The stretching of your retina also causes it to become thinner. Because of that, a common occurrence in cases of extremely high myopia is areas of retinal atrophy. These are areas where your retina has become very thin and can affect how your retinal cells work. When an optometrist or ophthalmologist looks into your eye the areas of atrophy look very pale and blood vessels that are behind the retina can be seen through them. Your vision at these areas may be reduced or even blanked out, causing blind patches in your sight. Retinal atrophy can occur anywhere on the retina and if it happens in the macula (the central area of the retina), it can affect your central vision.
Another visual annoyance that I have to deal with on a daily basis is floaters. Floaters are little spots, specks or thread-like strands that float about in your field of vision. They move as your eyes move and seem to dart away when you try to look at them directly. They do not follow your eye movements precisely, and usually drift when your eyes stop moving. For most people, floaters are part of the natural aging process and simply an annoyance. However, floaters are much more common in people who are very nearsighted or have had eye operations. I have had to deal with floaters my entire life and the amount and frequency fluctuates on a daily basis.
Levels of Visual Impairment
Here is an example of the variations in the use of the term “visual impairment” from the World Health Organization Levels of Visual Impairment:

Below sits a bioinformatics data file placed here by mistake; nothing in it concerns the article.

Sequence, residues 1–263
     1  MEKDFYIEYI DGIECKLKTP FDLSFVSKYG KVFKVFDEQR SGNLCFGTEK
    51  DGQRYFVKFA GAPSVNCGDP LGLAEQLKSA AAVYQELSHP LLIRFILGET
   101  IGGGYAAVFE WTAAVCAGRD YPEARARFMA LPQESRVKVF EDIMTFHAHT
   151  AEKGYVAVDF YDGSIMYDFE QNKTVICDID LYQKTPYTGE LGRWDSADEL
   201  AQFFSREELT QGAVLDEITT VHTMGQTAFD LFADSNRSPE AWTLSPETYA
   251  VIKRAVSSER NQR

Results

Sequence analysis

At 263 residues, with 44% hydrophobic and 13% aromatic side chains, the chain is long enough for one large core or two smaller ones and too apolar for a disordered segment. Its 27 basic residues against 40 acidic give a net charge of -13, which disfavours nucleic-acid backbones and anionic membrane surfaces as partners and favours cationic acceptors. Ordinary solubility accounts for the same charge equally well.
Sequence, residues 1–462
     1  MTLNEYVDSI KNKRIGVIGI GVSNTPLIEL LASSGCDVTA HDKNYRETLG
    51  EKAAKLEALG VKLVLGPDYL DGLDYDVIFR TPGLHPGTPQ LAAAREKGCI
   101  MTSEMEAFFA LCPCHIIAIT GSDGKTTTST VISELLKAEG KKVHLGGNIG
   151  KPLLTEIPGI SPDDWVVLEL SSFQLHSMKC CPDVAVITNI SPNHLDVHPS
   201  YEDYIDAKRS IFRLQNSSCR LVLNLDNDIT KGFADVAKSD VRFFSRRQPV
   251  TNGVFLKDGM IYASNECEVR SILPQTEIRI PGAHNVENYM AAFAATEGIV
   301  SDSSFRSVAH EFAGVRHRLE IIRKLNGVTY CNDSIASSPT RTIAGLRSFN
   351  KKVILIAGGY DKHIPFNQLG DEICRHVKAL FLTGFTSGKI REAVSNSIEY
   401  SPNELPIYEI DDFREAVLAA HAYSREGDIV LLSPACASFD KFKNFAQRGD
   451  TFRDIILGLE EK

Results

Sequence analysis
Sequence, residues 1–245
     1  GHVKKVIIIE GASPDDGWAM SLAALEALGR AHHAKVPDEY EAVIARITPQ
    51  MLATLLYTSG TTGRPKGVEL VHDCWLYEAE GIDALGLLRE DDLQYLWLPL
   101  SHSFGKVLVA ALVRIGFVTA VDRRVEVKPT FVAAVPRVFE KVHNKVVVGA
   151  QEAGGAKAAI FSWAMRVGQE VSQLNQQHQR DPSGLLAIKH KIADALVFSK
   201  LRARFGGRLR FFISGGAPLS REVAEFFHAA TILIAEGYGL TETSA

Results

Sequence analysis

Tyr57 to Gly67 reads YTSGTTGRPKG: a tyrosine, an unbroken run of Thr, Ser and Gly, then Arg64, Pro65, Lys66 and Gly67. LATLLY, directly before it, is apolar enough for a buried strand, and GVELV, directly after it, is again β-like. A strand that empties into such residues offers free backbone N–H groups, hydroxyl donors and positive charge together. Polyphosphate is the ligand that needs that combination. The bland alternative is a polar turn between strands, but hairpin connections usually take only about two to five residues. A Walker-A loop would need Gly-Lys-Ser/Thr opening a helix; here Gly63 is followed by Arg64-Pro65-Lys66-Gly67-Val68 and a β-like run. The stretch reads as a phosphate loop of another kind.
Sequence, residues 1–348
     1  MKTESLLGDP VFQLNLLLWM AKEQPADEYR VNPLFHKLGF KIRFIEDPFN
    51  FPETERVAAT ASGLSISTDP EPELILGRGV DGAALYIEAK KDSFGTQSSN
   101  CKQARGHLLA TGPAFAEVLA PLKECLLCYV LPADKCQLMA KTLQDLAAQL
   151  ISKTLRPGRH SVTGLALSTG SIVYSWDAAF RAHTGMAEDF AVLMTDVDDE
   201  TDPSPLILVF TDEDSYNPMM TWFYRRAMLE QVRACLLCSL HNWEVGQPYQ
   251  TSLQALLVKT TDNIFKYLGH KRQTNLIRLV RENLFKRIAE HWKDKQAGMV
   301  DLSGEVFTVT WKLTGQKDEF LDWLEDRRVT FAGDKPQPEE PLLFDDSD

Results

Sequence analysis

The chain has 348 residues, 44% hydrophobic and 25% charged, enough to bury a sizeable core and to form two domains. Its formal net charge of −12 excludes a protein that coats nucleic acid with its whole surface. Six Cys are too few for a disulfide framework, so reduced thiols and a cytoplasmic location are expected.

Moderate Visual Impairment:
- Snellen visual acuity = 20/70 to 20/160
Severe Visual Impairment:
- Snellen visual acuity = 20/200 to 20/400
- OR visual field of 20 degrees or less
Profound Visual Impairment:
- Snellen visual acuity = 20/500 to 20/1000
- OR visual field of 10 degrees or less
A Snellen chart is the eye chart that you use at the doctor’s office to measure visual acuity. This chart is referring to the vision in your better eye with your glasses/contacts on. Low vision is technically used to describe someone who has a reduced level of vision that cannot be corrected even with the aid of glasses or contact lenses, and it interferes with the performance of daily activities such as reading or driving. So, if you can see 20/20 with your glasses or contact lenses, you do not have low vision.